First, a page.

# Origami: Square Star and other tesselations

Square Star, by Ekaterina Lukasheva.  The squares are on the side, not visible in this photo.  Ekaterina has her own fancier photos here.

The past month has been astonishingly productive, in terms of origami.  I discovered that there was a nearby origami convention so of course I had to go.  Most people were doing one-piece origami, so of course I ended up trying a lot of one-piece origami myself.

I was, however, pleased to see some modular origami representation, and in particular there was Ekaterina Lukasheva, of Kusudame.me.  She gave a presentation on the connection between modular origami and origami tessellations.  And afterwards, as a demonstration of principle, she showed people how to make the Square Star, shown above.

I think perhaps few people understood her talk, but as someone who is interested in the design of both modular origami and origami tessellations, I for one found it inspiring.  Further discussion and origami below the fold.

An origami tessellation is a repeated folding pattern, which could in principle be tiled infinitely in the plane.  For example, see the tessellation below.

David Huffman’s Rectangular Woven Design.

The back of the Rectangular Woven Design.

Each repeated unit of the tessellation is called a “molecule” (although as a physicist I like to think of them as unit cells).  In the example above, the molecules appear in a square lattice, with each molecule being adjacent to four others.  It is also common to make molecules in a triangular lattice, where each molecule is adjacent to six others.

While tessellations are usually folded from single sheets of paper, it is quite easy to imagine folding each molecule from a separate sheet, and attaching them together.  And if you’re attaching four pieces of paper together into a square, why not three pieces of paper, or five?  The answer is, if you did that, it would no longer be flat.  Rather than tiling the plane, the pieces of paper would fold around into a polyhedron.  And now, instead of a tessellation, you have a modular origami piece.

The Square Star, although you might not be able to tell, is an example of such a model, apparently based on Ekaterina’s Squares-1-C-Iso tessellation.  The Hydrangea Cube I posted last month is another example.  Truly this is a unique approach to modular origami design.

Now if I may rant about a thing that few people care about…

There is a problem with this idea: It’s not clear to me how anyone but a master could pull it off!  I believe that to make a more interesting modular origami model, you would have to start with a tessellation with a more 3-dimensional structure.  And currently, there are basically no instructions on how to do this!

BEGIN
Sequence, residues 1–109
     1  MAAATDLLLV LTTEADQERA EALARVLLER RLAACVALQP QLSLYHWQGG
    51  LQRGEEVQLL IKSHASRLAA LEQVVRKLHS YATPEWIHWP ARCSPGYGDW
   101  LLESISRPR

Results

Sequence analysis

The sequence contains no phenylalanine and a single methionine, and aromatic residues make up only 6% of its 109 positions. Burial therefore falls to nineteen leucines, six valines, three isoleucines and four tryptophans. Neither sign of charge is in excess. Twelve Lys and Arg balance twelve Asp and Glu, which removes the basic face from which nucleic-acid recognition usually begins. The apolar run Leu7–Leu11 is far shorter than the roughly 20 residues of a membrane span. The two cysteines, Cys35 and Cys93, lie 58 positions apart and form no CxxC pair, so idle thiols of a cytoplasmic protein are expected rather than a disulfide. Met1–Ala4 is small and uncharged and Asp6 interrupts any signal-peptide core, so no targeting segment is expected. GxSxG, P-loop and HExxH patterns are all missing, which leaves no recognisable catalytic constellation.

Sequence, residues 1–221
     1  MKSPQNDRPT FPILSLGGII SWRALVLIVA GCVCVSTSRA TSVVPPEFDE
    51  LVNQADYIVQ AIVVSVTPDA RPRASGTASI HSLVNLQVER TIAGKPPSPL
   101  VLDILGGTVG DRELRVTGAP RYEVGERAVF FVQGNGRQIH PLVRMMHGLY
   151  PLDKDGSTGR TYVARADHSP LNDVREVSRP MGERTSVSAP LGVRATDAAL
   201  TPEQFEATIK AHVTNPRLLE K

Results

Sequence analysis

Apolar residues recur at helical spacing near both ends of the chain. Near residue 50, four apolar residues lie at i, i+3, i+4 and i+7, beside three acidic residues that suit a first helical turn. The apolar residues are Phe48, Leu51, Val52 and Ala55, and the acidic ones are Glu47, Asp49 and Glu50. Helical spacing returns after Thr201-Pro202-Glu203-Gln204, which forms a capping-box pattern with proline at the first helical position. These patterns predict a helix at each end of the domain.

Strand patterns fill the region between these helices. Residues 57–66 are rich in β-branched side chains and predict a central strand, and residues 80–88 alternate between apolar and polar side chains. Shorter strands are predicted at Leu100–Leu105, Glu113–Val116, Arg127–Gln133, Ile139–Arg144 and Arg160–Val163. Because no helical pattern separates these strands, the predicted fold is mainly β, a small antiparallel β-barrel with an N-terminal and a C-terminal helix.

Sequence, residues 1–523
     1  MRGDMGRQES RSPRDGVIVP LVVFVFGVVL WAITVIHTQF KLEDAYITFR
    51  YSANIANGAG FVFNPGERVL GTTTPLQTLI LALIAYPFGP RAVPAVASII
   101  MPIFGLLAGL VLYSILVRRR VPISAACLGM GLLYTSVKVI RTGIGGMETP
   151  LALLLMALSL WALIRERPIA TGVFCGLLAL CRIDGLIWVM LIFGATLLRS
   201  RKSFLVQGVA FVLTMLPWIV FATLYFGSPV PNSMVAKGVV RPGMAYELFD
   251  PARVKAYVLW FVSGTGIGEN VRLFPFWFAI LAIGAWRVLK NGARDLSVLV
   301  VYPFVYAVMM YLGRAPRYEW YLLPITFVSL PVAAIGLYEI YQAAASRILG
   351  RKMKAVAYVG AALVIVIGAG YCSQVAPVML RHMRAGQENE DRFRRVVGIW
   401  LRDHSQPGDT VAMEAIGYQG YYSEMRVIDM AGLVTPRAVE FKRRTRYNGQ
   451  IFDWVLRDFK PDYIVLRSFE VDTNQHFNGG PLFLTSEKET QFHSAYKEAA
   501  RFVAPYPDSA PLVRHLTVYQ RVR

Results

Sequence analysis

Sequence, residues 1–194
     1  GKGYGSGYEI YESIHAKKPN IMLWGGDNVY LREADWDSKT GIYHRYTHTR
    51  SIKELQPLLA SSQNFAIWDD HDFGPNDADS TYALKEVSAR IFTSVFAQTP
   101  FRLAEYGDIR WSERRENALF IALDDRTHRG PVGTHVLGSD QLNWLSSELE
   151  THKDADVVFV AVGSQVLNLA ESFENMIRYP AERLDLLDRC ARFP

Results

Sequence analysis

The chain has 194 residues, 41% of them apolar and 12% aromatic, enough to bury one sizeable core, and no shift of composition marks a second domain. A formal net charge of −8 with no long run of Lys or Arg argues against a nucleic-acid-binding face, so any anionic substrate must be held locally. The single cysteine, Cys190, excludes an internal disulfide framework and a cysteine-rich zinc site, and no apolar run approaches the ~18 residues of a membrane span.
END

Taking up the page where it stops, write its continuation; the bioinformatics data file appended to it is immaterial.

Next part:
Origami Tessellations are really new, and hardly any information about them is available.  There are presently two books I know of, Origami Tessellations by Eric Gjerde, and Six Simple Twists by Benjamin DiLeonardo-Parker.  And apparently Robert Lang is publishing a third book next year.  Origami Tessellations is a landmark, but most of its designs are based on pleating and are flat.  I am not sure about Six Simple Twists, but the subtitle mentions “the pleat pattern approach”, also suggesting a focus on flat patterns.  Contrast with the Rectangular Woven Design shown above, which has more of a three-dimensional structure.

The best I could find on three-dimensional tessellations was a paper which reconstructed decades-old tessellations by David Huffman, including the Rectangular Woven Design above.  I was able to recreate it with some difficulty, although maybe that’s because I was using really tiny paper.

A glance at Ekaterina’s website suggests that she has been doing quite a number of tessellations, which IMHO are more impressive than anything I’ve seen by Huffman.  I hope one day she will publish!

1. kestrel says

I currently do the “Magic Ball” fold with a dollar bill because I love folding dollar bills; I call it the “Dollar Ball”. If I understand right, this fold is in the same family as the “Rectangular Woven Design”.

2. says

@Kestrel,
Thanks for mentioning the “Magic Ball” design, giving me a chance to look it up. I agree that this is in the same family of tessellations designed by David Huffman. Some people call it the water bomb tessellation, but in my mind, “water bomb tessellation” refers to another design in the same family.

The Magic Ball works on nearly the same principle that Ekaterina explained, but makes something with cylindrical symmetry, rather than polyhedral symmetry.

3. kestrel says

@Siggy great link! That is a wonderful fold which I had not seen before (I’m quite ignorant I’m afraid). And even better, the associated videos have great folds as well. I will be in folding heaven for a while now!

4. sandi seattle says

pluscool